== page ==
All this while, I was assured God had forgiven me. It is a dreadful mistake to deny the doctrine of assurances. I know numbers, whose salvation is written on their hearts, as it were, with a sun-beam.' Whitfield's 5th Journal, 17, &c. Then for Mr. Wesley- I felt faith in Christ, and an assurance was given me that he had taken away my sins, even mine.' 2d Journal, 30. My sister received atonement on St. Peter's day.' 3d Journal, 17. At that hour, one who had long continued in sin, received a full, clear sense of his pardoning love, and power to sin no more.' ""*
It is evident, from the many extraordinary passages which Bishop Lavington has collected from the writings of those noted founders of Methodism, that the fanatic flame burst forth at once with all its fury.
"God," says Mr. Whitfield," was indeed there, riding in the congregation."-" Jesus has been with me much to-day, at another time he
"Bishop Lavington, v. i. p. 33, 34.
was with me on the road; but, oh! how was he met with me in Abergavenny !". " I lean on Jesus's bosom from morning to night, yea, all the day long."-" I sweetly leaned on my Saviour's bosom, and sucked out of the breasts of his consolation."*
In his 2d Journal he says, "Could the trees of a certain wood near Stone-house speak, they would tell what sweet communion I and some more dear souls enjoyed with the ever-blessed God there."-" The love of God was shed abroad in my heart," says Mr. Wesley, "and a flame kindled with flames so violent, and yet so very ravishing, that my body was almost torn asunder. I loved. The spirit cried strong in my heart. I sweated, I trembled, I fainted, I sung. My soul was got up into the holy mount; it had no thought of coming down again into my body," with more of the same ranting flame.† Wesley's 3d Journal, 19.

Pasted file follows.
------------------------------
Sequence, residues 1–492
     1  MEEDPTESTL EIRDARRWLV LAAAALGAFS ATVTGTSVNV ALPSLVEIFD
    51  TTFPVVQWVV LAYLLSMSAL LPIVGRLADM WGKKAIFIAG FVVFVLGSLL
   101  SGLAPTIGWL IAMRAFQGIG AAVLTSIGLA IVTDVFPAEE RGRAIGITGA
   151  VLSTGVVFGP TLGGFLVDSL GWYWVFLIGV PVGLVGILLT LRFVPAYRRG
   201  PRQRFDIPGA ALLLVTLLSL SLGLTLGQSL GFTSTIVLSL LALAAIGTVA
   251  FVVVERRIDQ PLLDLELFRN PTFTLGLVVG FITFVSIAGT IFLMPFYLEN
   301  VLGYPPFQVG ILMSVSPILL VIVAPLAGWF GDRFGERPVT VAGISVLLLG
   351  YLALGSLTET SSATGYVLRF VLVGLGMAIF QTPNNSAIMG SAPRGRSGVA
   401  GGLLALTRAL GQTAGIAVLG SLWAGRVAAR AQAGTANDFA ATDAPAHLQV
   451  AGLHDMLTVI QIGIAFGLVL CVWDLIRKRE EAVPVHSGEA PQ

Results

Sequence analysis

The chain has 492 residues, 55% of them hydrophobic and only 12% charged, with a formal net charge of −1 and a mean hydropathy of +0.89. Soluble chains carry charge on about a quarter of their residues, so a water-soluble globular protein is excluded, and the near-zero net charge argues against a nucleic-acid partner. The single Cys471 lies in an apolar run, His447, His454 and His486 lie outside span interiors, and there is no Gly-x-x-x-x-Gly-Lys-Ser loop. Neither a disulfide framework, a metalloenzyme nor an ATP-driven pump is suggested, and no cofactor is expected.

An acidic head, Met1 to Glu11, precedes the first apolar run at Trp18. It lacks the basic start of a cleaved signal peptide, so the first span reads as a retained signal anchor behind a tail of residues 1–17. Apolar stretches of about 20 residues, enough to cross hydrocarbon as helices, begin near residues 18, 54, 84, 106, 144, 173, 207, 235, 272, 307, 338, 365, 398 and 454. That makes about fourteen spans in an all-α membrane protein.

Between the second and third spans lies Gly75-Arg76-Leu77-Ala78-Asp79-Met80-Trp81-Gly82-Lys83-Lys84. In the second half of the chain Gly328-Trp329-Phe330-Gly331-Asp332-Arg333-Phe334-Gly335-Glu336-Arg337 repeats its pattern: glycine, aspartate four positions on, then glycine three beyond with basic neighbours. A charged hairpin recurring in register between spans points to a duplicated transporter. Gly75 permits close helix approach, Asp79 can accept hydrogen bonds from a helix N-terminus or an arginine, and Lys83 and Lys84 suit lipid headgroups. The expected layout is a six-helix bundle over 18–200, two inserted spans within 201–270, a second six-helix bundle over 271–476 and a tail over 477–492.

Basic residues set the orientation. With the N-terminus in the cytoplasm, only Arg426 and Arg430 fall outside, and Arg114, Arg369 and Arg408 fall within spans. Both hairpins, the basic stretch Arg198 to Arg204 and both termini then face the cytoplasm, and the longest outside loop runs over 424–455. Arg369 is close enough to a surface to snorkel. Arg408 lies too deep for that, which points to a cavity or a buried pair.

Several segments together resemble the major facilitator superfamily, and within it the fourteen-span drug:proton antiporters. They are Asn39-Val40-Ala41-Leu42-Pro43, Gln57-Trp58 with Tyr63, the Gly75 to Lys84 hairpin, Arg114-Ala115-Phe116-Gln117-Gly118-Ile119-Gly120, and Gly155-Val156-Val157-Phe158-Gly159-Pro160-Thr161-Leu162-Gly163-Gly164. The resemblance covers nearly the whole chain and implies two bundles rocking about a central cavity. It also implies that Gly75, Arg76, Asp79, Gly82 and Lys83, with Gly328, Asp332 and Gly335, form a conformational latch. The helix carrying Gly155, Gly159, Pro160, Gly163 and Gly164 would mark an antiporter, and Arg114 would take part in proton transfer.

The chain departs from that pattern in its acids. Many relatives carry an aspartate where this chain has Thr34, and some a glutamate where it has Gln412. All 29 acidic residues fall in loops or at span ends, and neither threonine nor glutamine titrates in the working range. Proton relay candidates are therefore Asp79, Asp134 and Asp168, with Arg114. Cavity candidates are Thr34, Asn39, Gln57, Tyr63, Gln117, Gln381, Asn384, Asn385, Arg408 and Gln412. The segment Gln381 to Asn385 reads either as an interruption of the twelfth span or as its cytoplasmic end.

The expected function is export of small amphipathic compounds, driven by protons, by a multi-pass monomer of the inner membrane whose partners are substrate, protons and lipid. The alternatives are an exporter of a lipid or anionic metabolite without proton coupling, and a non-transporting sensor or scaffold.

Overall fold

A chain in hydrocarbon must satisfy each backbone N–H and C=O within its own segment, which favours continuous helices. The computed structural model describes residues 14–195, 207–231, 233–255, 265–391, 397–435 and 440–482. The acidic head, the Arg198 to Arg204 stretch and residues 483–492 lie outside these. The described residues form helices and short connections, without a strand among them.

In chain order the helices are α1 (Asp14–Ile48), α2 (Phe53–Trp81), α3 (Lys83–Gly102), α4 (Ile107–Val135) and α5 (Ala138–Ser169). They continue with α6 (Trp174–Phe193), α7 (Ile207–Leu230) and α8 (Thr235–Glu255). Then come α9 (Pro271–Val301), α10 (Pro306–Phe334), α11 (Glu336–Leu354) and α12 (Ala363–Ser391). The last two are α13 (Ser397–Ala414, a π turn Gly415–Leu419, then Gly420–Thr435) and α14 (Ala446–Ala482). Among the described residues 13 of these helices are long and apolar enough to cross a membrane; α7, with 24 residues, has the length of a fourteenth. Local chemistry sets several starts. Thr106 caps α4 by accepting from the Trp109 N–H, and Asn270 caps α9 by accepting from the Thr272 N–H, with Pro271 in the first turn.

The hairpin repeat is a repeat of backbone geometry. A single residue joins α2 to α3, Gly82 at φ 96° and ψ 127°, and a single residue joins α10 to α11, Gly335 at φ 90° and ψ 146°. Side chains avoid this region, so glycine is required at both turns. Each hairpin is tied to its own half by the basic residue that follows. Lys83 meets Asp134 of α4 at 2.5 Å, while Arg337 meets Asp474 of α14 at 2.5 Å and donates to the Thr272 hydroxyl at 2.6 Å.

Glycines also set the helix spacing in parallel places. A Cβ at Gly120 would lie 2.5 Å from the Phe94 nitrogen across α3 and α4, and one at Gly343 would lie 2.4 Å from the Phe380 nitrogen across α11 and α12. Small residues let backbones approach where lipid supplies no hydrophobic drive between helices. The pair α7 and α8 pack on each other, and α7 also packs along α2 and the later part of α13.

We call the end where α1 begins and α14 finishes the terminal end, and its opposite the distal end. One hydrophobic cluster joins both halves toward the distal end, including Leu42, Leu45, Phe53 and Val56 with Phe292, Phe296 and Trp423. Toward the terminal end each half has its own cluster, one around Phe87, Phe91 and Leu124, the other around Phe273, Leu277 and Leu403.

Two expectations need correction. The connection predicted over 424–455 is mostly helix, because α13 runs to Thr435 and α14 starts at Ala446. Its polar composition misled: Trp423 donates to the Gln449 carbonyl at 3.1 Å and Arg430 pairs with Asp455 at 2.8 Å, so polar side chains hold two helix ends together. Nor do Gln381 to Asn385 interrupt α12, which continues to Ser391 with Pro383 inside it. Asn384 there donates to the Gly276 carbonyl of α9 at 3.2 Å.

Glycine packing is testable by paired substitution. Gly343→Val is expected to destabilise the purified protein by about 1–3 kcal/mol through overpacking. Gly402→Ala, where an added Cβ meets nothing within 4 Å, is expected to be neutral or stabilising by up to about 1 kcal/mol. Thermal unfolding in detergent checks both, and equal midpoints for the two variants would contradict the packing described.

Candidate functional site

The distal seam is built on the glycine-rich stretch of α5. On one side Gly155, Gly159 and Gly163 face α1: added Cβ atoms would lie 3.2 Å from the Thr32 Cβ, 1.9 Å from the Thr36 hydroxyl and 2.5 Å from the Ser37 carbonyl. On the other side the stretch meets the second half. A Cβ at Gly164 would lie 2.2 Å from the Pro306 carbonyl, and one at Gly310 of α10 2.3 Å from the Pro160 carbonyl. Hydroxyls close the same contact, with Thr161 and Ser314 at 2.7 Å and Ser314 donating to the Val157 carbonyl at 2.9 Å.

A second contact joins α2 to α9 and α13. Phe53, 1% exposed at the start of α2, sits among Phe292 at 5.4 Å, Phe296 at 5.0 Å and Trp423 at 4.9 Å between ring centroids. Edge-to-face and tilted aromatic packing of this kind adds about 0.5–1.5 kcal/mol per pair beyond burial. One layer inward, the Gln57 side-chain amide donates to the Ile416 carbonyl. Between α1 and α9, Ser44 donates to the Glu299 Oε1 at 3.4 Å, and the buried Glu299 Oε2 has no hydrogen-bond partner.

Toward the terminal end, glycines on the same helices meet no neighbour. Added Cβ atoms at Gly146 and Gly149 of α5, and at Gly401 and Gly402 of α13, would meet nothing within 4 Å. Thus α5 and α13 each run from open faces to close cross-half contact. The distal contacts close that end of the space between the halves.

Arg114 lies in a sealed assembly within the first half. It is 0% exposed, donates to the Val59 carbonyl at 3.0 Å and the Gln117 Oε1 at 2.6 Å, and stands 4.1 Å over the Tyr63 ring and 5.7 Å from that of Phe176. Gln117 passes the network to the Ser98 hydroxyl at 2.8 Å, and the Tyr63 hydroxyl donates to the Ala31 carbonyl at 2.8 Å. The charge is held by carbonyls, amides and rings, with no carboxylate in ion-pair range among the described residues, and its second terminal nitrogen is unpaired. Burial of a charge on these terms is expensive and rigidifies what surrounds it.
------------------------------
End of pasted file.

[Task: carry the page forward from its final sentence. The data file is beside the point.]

The same enthusiast describes the Holy Ghost descending into his congregation as on the day of Pentecost; nay, with greater evidences of his power: "The spirit at length came down like a mighty rushing wind, and carried all before it. In my prayer the power of God came down, and gave a great shock; such an abiding, universal shock I never knew before. In the afternoon again the shock was very great; the place
was almost rent by the power and presence of God." Wesley's 7th Journal, 57.
With no less presumption, though in a milder tone, Mr. Whitfield says, "I felt more and more of the divine assistance to-day; the Lord endowed me with power on high. In the midst of my discourse the power of the Lord came upon me; God enabled me to speak with such irresistible power," &c. 2d Journal, 23. And afterwards he makes this insolent appeal to heaven--
"Past is thy word, I here demand,
And confident expect thy aid."*
He has the audacity to vouch for all his pretensions, by declaring, "The eternal Almighty, I am, hath sent me."† 3d Journal, 58. Which is equalled in fanaticism, if not in arrogance, by an old hardened sinner's daring to assert, "The Saviour of sinners has saved me; he told me so on Sunday morning." Wesley's 4th Journal, 52.‡
When the minds of men are infatuated with these strong delusions, can any thing be matter of wonder which they think or say? But to see the infinite Majesty of heaven, and the ineffable grace of God, treated with such shameless familiarity, is calculated to excite feelings in every sober mind, which no language can express;" and the amatory strains in which the raptures of enthusiasm are recited, cannot be read without
* Lavington, v. i. p. 47. + Id. p. 52. ‡ Id. p. 52.